In a large bowl, combine everything and mix together.  Form the balls (I used a large cookie scoop and ended up with 20 meatballs) and put on a rimmed baking sheet.  Now these will be wet, but don't worry, they won't fall apart.

Bake for 20 minutes.

Thursday, August 23, 2012

One of the easiest things you'll ever make

So I'm buying 1/4 of a cow that is due in next week, so I'm trying to make room in my chest freezer in the basement to fit all of the meaty goodness coming my way.  Out came the turkey breast.

This is a little lengthy process (over 2 days), but it's very little hands on work, so it's great!


  • Bone in turkey breast 
  • 3-4 tablespoons Penzey's Greek Seasoning (or whatever Greek seasoning you like, or really, whatever seasoning you like)
  • 1/2 stick butter
  • Olive oil
  • Arrowroot powder (or cornstarch)-for the gravy (optional)
  • Kosher salt
Okay, day 1, get your turkey out of the package and rinse it.  Grab yourself a large stock pot (large enough to hold the turkey breast while it's submerged in water) and fill it with cold water and kosher salt.  You want to make a brine, and a standard one is 1 cup of salt per 1 gallon of water.  I used about 2.5 cups of salt for my brine and it was just a tad on the salty side, but I like salt, so it didn't bother me.

So, get your briny water ready and dunk the turkey breast in and stick it in the fridge overnight.

Next day, take the turkey breast out of the brine and rinse it with cold water.  Put the turkey in a crock pot (it's great if you've got a large oval one) and cut some slits in the skin and stick the cubed butter under the skin all over.  Next, drizzle a little bit of olive oil over the top and rub the Greek seasoning all over.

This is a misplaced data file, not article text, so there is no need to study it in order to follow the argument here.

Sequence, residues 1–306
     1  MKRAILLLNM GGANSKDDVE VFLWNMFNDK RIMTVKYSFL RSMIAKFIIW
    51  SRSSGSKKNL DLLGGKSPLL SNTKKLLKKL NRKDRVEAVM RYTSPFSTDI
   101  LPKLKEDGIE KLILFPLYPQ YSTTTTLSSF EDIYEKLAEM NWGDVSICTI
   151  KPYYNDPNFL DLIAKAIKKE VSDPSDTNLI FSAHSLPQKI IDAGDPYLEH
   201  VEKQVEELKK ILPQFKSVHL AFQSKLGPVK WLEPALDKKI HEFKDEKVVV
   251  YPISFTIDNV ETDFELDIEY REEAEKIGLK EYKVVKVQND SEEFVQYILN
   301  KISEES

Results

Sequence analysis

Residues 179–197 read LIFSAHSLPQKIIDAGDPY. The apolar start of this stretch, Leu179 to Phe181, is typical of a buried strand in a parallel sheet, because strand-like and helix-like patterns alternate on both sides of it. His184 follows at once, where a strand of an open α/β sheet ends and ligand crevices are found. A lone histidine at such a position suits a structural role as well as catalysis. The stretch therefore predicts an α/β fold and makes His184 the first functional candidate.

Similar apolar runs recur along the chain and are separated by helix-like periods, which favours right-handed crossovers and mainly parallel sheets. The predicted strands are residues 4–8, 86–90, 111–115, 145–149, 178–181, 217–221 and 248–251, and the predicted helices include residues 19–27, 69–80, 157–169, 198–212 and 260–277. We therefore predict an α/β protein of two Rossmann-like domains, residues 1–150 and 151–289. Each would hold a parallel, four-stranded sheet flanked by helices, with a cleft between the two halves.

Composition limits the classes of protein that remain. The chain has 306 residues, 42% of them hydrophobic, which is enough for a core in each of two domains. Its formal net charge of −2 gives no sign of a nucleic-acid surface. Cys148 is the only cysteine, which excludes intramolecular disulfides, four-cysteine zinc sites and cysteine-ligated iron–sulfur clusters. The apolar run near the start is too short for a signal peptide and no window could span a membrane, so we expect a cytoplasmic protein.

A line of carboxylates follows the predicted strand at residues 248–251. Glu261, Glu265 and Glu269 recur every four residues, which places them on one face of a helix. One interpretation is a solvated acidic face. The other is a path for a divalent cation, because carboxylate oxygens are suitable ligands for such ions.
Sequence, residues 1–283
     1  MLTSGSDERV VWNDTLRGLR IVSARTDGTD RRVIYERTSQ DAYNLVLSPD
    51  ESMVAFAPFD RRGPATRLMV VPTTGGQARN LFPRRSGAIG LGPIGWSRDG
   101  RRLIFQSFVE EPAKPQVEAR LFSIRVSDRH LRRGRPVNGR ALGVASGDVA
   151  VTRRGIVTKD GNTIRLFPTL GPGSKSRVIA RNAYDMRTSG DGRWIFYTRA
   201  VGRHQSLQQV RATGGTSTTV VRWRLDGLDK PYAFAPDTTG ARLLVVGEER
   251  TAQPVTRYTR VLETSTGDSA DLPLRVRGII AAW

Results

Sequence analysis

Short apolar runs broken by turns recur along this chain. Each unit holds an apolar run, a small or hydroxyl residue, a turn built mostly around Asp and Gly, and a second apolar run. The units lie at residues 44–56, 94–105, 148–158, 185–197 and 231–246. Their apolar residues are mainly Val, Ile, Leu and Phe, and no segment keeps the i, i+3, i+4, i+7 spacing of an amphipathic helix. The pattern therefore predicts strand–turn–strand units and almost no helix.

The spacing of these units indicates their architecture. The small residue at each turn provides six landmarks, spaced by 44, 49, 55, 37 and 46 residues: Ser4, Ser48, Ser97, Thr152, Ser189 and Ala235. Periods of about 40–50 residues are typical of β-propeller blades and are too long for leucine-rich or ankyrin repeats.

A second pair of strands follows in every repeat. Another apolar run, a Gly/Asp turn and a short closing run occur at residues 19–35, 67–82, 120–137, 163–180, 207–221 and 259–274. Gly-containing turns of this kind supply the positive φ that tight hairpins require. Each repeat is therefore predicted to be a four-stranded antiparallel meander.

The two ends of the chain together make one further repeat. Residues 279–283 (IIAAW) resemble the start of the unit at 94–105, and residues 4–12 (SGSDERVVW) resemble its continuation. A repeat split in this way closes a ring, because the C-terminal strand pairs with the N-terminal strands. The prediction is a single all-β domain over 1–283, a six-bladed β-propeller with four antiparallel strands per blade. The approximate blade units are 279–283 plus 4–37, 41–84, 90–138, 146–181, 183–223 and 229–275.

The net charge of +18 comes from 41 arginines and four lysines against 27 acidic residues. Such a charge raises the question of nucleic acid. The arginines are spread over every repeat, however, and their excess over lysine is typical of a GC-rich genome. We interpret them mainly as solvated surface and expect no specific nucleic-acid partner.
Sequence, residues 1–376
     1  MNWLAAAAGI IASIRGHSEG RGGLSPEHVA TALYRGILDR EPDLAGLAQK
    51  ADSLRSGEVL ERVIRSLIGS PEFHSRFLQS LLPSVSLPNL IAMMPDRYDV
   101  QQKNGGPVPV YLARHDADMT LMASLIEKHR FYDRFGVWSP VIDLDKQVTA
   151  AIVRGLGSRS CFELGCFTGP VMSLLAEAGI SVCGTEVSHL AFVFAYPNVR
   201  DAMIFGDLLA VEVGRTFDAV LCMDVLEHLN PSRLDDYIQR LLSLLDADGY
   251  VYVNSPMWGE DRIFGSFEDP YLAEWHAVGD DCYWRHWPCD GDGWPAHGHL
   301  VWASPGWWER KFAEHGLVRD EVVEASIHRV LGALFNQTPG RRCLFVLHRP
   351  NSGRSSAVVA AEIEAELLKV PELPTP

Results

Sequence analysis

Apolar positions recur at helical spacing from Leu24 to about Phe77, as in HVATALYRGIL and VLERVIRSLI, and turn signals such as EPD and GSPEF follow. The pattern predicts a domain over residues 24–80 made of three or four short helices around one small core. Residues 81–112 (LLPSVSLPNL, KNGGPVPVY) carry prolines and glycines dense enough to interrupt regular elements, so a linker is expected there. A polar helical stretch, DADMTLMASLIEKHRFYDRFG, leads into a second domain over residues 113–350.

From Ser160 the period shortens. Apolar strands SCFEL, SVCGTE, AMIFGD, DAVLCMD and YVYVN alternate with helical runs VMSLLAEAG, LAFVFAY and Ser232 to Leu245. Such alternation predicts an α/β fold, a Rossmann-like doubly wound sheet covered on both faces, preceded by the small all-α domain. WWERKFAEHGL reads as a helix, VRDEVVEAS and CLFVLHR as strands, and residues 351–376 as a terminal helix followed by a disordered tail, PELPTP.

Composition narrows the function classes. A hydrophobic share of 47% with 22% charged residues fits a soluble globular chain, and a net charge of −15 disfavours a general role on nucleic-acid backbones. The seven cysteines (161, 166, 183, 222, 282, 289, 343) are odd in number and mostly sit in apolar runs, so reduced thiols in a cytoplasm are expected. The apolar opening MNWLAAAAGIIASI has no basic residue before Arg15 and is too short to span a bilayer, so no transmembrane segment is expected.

Put the cover on the crock pot and cook on high for 1 hour then on low for 5-6 hours or until the juices run clear.

Now this last part is optional, but tasty good.  When the turkey is done in the crock pot, preheat your oven to 450.  Place the breast in a baking dish and drizzle a little more olive oil over the skin and bake for about 5 minutes, just to crisp the skin a little bit.

While the turkey is in the oven, again, optional, but tasty good, take the liquid from the crock pot and put it in a skillet and bring to a low boil.  Mix in some arrowroot powder or cornstarch to thicken and, stirring frequently, keep on a low boil until it starts to thicken, then reduce to a simmer for a few minutes.

Let the turkey stand for a few minutes, slice, serve and enjoy!

Thursday, August 9, 2012

Goat cheese "risotto"

  • 6 cups of cauliflower, riced
  • 1/2 red onion, sliced thin
  • 2 garlic cloves, minced
  • 2 tablespoons olive oil or coconut oil
  • 1-2 cups of chicken stock
  • 4 ounces goat cheese 
In a large saute pan, add the oil, garlic and onions and saute over medium heat until tender (about 5 minutes).  Add the cauliflower rice and let get a little brown (about 2-3 minutes).  Add the chicken stock (I used 1.5 cups, so start with 1 cup and add as needed) and increase the heat a bit until you get a low boil, then bring down to low.  Cover and simmer for about 10 minutes, stirring occasionally, and add the goat cheese in and stir.  Resume cooking another 10-20 minutes or until most of the liquid is absorbed.  Salt and pepper to taste.

*Note-the goat cheese is a subtle flavor here, but it was perfect for me.  If you want more of the tangy flavor, add another ounce or two!

Monday, July 30, 2012

Banana chia bread

So several months ago I made this recipe and it came out super amazing, except I added too much coconut oil and didn't let it cool before I tried to take it out of the pan, and it ended up a soggy mess.  Delicious, but messy.